Rift Valley fever
Rift Valley fever
Last update: 2023-07-18
Transmission: Vector-borne (mosquito) and direct or contact with infected animals
- Contact with the blood or organs of infected animals (mainly cattle, sheep, goats, buffalo and camels) when caring for, slaughtering or butchering animals
- Eating or drinking uncooked meat, milk or other animal products from infected animals
- Mosquito bites
Most vulnerable to contracting the disease
- People who work with, or butcher/handle raw meat (for example, herders, farmers, slaughter-house workers, veterinarians)
- People living near mosquito breeding sites at risk of mosquito bites
- Fever (usually)
- Headache (usually)
- Joint and muscle pain (usually)
- Neck stiffness (sometimes)
- Sensitivity to light (sometimes)
- Loss of appetite and vomiting (sometimes)
Severe Rift Valley fever
- Changes in eyesight (sometimes)
- Permanent loss of eyesight (sometimes)
- Memory loss (sometimes)
- Confusion, hallucinations, delusions (sometimes)
- Dizziness (sometimes)
- Seizures (sometimes)
- Loss of consciousness (sometimes)
- Rash (sometimes)
- Yellowing of the skin and eyes/jaundice (sometimes)
- Bleeding (sometimes)
What can you do to prevent and control an epidemic?
Vector and reservoir control and prevention
- Initiate elimination of mosquitos and breeding sites
- Prevent mosquito bites by advocating the use of:
- Insecticide-treated curtains or screens on windows and doors
- Personal protection (application of repellents, wearing long sleeved clothes)
- Insecticide-treated bed nets
Monitoring the community and identifying sick people and animals
- Detect sick people
- Monitor the community for clusters of sick or dead animals
- Report any clusters to your supervisor, animal health and welfare authorities and/or health authorities
- Encourage quarantining sick animals from healthy ones
- Discourage community members from taking sick animals to markets or other places where they may encounter other animals or humans
- Encourage minimal contact between sick animals and humans
Treatment and management
- Rapidly detect and refer suspected cases to health facilities
- Provide psychosocial support to the sick person, their families and communities
Sanitation and waste management
- Dispose of contaminated waste safely (animal carcasses)
- Promote safe burial/disposal of bodies and hospital waste (for example, human tissues)
Personal protection and hygiene
- Promote handwashing with soap
- BEFORE: preparing food; eating; feeding a child; treating wounds; or caring for sick people
- AFTER: using the toilet or cleaning a baby; touching garbage or waste; touching or feeding animals; blowing nose, coughing or sneezing; treating wounds; or caring for sick people
- Advise people how to manage sick animals safely (for example, practise hand hygiene, and wear gloves and appropriate personal protective equipment)
- Promote protection from mosquito bites (use a bed net, wear long sleeves and trousers, apply repellents, etc.)
Food hygiene and safety
- Promote cooking meat and other animal products (blood and milk, organs) thoroughly
- Advise people how to slaughter animals safely
Social mobilization and health promotion
- Find out the specific advice being given by health and other relevant authorities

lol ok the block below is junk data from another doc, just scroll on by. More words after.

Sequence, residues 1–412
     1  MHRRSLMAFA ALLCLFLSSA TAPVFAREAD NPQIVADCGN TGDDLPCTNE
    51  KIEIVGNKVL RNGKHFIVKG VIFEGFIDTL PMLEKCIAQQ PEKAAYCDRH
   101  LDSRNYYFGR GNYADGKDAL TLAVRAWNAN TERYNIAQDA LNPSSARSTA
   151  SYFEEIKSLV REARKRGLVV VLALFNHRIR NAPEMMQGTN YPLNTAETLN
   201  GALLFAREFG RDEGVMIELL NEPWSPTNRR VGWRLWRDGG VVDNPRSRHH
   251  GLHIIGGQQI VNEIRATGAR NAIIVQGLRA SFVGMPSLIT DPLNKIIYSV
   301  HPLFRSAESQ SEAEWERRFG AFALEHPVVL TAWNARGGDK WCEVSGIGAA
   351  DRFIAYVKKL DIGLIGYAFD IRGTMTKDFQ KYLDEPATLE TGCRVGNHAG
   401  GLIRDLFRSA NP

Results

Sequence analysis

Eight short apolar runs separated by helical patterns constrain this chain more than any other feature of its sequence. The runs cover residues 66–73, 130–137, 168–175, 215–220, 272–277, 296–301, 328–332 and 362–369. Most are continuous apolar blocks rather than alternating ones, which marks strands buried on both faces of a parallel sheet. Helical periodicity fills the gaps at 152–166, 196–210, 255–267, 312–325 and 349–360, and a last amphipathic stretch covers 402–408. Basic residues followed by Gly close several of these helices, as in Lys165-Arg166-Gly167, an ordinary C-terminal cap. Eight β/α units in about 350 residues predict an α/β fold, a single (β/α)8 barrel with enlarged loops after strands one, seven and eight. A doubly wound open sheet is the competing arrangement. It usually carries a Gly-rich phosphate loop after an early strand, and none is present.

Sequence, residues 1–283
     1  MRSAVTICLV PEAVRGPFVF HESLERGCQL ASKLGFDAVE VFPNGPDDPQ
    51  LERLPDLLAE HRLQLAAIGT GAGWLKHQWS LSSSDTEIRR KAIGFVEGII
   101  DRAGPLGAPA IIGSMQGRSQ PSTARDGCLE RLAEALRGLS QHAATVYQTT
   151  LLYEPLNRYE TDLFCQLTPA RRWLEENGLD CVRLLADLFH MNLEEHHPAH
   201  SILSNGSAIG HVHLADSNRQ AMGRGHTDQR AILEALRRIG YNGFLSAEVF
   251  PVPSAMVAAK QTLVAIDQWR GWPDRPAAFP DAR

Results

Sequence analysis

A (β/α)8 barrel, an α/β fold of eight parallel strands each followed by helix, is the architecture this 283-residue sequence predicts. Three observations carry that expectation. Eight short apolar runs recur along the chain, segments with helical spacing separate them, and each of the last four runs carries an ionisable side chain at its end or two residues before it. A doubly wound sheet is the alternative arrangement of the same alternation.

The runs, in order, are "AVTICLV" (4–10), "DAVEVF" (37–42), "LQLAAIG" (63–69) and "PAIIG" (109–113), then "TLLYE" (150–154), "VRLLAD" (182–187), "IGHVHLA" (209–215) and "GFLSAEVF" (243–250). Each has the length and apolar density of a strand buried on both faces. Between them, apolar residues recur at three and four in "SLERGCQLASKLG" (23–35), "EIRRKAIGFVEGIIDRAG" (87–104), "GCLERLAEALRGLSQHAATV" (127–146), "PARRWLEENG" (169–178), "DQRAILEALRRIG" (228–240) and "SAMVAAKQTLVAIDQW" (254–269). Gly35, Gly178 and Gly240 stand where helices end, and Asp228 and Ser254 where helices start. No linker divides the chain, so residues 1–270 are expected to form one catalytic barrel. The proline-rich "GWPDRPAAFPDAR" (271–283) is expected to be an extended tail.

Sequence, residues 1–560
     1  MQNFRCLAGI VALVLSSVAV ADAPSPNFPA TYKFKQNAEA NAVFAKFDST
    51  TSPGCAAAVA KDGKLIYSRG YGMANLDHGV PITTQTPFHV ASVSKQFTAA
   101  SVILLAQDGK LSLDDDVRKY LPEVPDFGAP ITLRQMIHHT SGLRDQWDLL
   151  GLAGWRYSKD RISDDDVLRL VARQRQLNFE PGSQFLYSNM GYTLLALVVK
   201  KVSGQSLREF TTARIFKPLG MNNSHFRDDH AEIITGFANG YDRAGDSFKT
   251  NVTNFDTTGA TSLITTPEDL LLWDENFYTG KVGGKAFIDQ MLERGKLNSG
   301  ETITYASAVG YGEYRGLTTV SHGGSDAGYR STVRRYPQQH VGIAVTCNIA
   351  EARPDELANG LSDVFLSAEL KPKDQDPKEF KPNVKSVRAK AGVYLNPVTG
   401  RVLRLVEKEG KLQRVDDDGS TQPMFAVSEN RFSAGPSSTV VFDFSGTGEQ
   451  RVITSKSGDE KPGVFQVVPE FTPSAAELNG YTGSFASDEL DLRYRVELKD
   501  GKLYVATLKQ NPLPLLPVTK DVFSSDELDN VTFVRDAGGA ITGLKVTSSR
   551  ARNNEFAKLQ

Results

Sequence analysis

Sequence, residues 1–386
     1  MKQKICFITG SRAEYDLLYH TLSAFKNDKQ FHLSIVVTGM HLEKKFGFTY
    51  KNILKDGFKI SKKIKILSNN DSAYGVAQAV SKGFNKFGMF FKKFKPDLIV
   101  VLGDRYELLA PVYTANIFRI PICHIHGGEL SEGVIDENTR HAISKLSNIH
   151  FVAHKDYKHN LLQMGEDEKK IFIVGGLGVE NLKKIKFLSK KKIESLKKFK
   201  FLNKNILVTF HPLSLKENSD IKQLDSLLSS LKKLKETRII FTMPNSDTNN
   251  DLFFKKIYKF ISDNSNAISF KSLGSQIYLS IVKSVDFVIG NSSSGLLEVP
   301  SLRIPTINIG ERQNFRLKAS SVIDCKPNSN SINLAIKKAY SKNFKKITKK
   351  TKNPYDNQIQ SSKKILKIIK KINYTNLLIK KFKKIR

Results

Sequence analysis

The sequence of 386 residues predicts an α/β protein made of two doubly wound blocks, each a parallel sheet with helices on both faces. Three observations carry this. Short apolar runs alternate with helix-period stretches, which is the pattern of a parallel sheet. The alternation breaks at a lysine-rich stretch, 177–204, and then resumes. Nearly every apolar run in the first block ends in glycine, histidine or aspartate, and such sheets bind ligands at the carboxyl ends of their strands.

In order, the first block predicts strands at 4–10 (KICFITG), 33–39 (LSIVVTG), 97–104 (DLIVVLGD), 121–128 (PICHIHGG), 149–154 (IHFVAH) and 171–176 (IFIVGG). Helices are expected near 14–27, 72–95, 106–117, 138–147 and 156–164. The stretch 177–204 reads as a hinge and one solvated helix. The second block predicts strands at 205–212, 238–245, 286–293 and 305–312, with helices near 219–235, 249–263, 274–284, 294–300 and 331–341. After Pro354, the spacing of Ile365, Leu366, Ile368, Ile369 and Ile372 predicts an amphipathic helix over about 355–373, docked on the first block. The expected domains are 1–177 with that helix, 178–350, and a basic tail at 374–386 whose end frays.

- Promote safe and dignified burials
- Promote the safe disposal (burning or burying) of contaminated materials
- Model following this advice and inform community members of current health practice advice
- Offer support and encouragement to follow the advice
- Try to gain understanding about if and why health practice advice is not being followed
- With the guidance of your supervisor and health authorities, work with communities to overcome barriers to following health advice and recommended practices
- Support animal vaccination campaigns where available
Mapping and community assessment
- Make a map of the community.
- Mark the following information on the map:
- How many people have fallen sick with Rift Valley fever? Where?
- How many people have died? Where? When?
- Who and where are the vulnerable people?
- Where are the local health facilities and services? (include traditional healers)
- Are there areas (such as markets) with animals infected with Rift Valley fever?
- Where are they?
- Record the following information on the back of the map:
- When did people start to fall sick with Rift Valley fever?
- How many people live in the affected community?
- How many are children under five years?
- Who is most affected by Rift Valley fever?
- Do people cook milk and meat thoroughly before eating them?
- Are there handwashing facilities in the community, at animal markets and other areas where livestock gather? (put communal handwashing stations on map)
- Are soap and water always available?
- Have the authorities established a vector control programme?
- What are the community’s habits, practices and beliefs about use of repellents, sprays, etc.
- How many houses have insect screens on the windows and doors?
- How common is it for people to sleep under insecticide-treated bed nets?
- How many children and how many elderly sleep under a bed net during the day?
- Are nets hung up and maintained properly?
- If people are not using nets, why not?
- What are the community’s habits, practices and beliefs about handling and slaughtering animals, especially animals that are sick or dead?
- How does the community dispose of rubbish and solid waste? What are the community’s habits, practices and beliefs about caring for sick people? Consider any differences in roles and responsibilities between men and women.
- Is a social mobilization or health promotion programme in place?
- Which sources do people use/trust the most for information?
- Are there rumours or misinformation about Rift Valley fever? What are the rumours?
- What role do women play in livestock management (including caring for animals, gathering animal feed, and selling animal products in markets)?